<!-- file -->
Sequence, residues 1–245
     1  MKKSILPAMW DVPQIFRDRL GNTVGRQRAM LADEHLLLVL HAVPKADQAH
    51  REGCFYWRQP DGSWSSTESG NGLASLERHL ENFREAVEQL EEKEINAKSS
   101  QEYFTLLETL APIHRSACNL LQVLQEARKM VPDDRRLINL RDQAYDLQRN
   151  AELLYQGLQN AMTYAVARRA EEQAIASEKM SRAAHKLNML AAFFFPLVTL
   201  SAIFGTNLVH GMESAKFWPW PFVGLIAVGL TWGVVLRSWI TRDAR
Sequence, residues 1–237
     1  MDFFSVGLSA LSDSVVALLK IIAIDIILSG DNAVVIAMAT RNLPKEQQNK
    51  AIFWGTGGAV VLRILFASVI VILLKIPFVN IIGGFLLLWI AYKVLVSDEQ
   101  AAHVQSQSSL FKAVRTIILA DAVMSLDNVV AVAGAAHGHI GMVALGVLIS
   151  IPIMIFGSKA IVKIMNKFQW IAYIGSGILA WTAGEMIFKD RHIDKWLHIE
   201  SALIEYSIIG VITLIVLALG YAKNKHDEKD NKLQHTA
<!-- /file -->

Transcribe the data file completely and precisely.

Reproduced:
Sequence, residues 1–245
     1  MKKSILPAMW DVPQIFRDRL GNTVGRQRAM LADEHLLLVL HAVPKADQAH
    51  REGCFYWRQP DGSWSSTESG NGLASLERHL ENFREAVEQL EEKEINAKSS
   101  QEYFTLLETL APIHRSACNL LQVLQEARKM VPDDRRLINL RDQAYDLQRN
   151  AELLYQGLQN AMTYAVARRA EEQAIASEKM SRAAHKLNML AAFFFPLVTL
   201  SAIFGTNLVH GMESAKFWPW PFVGLIAVGL TWGVVLRSWI TRDAR
Sequence, residues 1–237
     1  MDFFSVGLSA LSDSVVALLK IIAIDIILSG DNAVVIAMAT RNLPKEQQNK
    51  AIFWGTGGAV VLRILFASVI VILLKIPFVN IIGGFLLLWI AYKVLVSDEQ
   101  AAHVQSQSSL FKAVRTIILA DAVMSLDNVV AVAGAAHGHI GMVALGVLIS
   151  IPIMIFGSKA IVKIMNKFQW IAYIGSGILA WTAGEMIFKD RHIDKWLHIE
   201  SALIEYSIIG VITLIVLALG YAKNKHDEKD NKLQHTA